November 16, 2014: Speed Climb 3,000 Foot Walls, Meet the Darwin of NYC’s Rodent World and More

New York City's rats face such strong pressures from humans constantly trying to exterminate them that they've evolved to be very savvy city dwellers. Jason Munshi-South studies how rats and mice have evolved genetically distinct populations in the Big Apple. (photo by James L. Stanfield/National Geographic)
New York City’s rats face such strong pressures from humans constantly trying to exterminate them that they’ve evolved to be very savvy city dwellers. Jason Munshi-South studies how rats and mice have evolved genetically distinct populations in the Big Apple. (photo by James L. Stanfield/National Geographic)

Every week, embark with host Boyd Matson on an exploration of the latest discoveries and interviews with some of the most fascinating people on the planet, on National Geographic Weekend.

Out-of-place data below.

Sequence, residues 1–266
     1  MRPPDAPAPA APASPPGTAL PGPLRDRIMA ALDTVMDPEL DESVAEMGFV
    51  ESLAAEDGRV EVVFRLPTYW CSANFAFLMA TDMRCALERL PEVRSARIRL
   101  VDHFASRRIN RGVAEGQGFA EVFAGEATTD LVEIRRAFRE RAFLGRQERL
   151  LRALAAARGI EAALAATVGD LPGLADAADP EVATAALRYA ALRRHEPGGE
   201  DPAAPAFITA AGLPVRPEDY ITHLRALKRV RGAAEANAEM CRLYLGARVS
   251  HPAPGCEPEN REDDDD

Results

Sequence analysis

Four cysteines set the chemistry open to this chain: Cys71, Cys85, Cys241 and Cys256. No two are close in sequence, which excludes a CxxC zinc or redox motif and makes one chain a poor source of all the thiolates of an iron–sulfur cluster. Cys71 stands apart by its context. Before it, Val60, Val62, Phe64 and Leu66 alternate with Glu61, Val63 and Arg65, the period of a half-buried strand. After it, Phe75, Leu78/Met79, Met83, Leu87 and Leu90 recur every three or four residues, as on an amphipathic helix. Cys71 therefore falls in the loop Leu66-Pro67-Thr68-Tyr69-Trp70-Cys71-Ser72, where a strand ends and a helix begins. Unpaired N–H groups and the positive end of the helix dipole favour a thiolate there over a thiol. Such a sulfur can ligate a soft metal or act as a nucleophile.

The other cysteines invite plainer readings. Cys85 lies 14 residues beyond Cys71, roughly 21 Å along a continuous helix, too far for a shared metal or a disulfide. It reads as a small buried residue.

Please check listings near you to find the best way to listen to National Geographic Weekend on radio, or listen below!

HOUR 1

– The “nose” of El Capitan in Yosemite National Park is one of the world’s most iconic big wall climbing routes that was first climbed by Warren Harding in 1958. It took him 45 days. As the current record holder Hans Florine explains “A lot has happened since then.” Florine teamed up with Alex Honnold in 2012 to complete the 2,950 foot route in 2 hours 23 minutes and 46 seconds. Florine is one of the pioneers of speed climbing and has climbed El Capitan’s nose route 97 times. His love affair with the scenery and granite walls in Yosemite continues to motivate him. —> Read More Here

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